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The Daily Wildcat

The Daily Wildcat

 

    Kurt Vile is looking to break out on ‘Wakin On A Pretty Daze’

    Kurt Vile is looking to break out on Wakin On A Pretty Daze

    Sometimes an album comes along that’s so fully realized you just can’t ignore it, and Kurt Vile’s new album Wakin On a Pretty Daze certainly smacks of crossover potential. It’s hard to imagine anyone hearing the gorgeous hum of opener “Wakin on a Pretty Day” and writing it off.

    Vile has never really concerned himself with reinventing the form, seemingly content to just smile and give his two cents from a smoke-filled garage of guitars.

    What sets Vile’s lazy worldview apart is that he says it better than most of his competition, like in the killer opening lines to “Wakin on a Pretty Day”: “Wakin’ in the dawn of day / I can think about what I want to say / Phone ringing off the shelf / I guess he wanted to kill himself.” In lesser hands, such a striking study in contrast might be whispered out over a few acoustic chords and a trumpet line.

    Instead, Vile uses these words as the jumping-off point for a nine-and-a-half minute saga of hazy reverb and an almost meditative repetition of the word “Yeah” that doesn’t go on for a second too long.

    Elsewhere Vile plays around with different musical structures that are less immediate, yet worthy of exploration nonetheless. “Was All Talk” opens with “Spirit in the sky / transparent to the eye” before veering between major and minor keys to great effect, all the while riding a beat that resembles Don Henley’s “The Boys of Summer.”

    On “Never Run Away,” Vile mumbles his way through a jaunty acoustic strummer that radiates warmth and sincerity like the idealistic early songs of Bruce Springsteen. When Vile stutters out “I know you’ll never run away … Amen,” it just sounds so damned assured, like the words of a man who’s figured out his life.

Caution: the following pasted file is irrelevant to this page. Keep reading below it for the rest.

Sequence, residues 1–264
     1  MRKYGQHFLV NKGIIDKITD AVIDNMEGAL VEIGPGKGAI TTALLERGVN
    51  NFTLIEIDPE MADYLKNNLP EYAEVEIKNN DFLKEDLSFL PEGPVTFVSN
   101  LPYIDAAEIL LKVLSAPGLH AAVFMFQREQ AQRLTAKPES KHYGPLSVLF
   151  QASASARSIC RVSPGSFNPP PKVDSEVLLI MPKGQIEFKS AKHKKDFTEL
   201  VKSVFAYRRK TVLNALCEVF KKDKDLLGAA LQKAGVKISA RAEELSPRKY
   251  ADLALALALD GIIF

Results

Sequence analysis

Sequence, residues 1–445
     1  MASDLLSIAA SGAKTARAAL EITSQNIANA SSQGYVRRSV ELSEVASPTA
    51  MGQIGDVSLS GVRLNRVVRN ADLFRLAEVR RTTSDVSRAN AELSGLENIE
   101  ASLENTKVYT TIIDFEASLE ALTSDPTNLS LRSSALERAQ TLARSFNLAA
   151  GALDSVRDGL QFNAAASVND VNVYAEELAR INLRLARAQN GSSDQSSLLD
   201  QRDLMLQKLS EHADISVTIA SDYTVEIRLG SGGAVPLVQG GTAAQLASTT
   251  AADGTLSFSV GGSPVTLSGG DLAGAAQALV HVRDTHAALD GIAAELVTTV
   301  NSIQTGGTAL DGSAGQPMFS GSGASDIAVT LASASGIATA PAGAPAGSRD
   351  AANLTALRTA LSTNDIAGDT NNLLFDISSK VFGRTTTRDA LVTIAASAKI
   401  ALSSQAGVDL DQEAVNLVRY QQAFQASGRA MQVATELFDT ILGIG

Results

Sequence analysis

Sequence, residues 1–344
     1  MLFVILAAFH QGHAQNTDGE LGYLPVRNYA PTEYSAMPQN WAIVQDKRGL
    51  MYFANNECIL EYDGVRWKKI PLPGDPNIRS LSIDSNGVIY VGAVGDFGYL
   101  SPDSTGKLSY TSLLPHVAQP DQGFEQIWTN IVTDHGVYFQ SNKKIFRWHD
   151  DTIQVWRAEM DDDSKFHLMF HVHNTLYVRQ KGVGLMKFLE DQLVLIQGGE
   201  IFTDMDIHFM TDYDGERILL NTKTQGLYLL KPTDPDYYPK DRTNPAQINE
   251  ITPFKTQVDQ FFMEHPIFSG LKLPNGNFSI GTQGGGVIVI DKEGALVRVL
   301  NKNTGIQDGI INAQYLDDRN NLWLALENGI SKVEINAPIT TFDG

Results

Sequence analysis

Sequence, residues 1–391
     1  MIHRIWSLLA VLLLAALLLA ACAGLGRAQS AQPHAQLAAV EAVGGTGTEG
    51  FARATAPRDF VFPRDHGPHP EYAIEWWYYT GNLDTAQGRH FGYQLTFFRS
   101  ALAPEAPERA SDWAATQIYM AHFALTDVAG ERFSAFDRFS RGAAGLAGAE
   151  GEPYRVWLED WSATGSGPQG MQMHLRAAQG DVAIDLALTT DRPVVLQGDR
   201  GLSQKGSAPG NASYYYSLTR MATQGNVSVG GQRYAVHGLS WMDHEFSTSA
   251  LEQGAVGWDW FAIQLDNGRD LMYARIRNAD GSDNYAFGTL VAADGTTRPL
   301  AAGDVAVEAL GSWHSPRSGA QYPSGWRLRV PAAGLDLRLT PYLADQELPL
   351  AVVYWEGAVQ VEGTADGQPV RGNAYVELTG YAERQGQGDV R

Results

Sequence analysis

Even the somber twelve-string epic “Pure Pain” sounds self-actualized, the jagged strums of the verse giving way to the rolling snare-and-tom work of a slowcore song without any bumps.
    Wakin On a Pretty Daze is the sound of Kurt Vile’s musical vision falling into place, a remarkable achievement considering his similarly successful work with ex-band The War on Drugs and on 2011’s Smoke Ring For My Halo.

    Given the ambling song lengths, the second half of the album drags just a tad more than the first, but with songs as good as “Too Hard,” the eight-minute running time is more than justified. It plays like Vile’s own tired prayer to goodness and his country, a vow to stop smoking so much weed and one of the most affirming, beautiful lines written yet this year: “I will promise to do my very best / to do my very best for you / and that won’t be too hard.”

    Wrapping it all up with the island escape fantasy of “Goldtone,” Vile ends what is undeniably one of the best indie records of 2013 on a quiet note.

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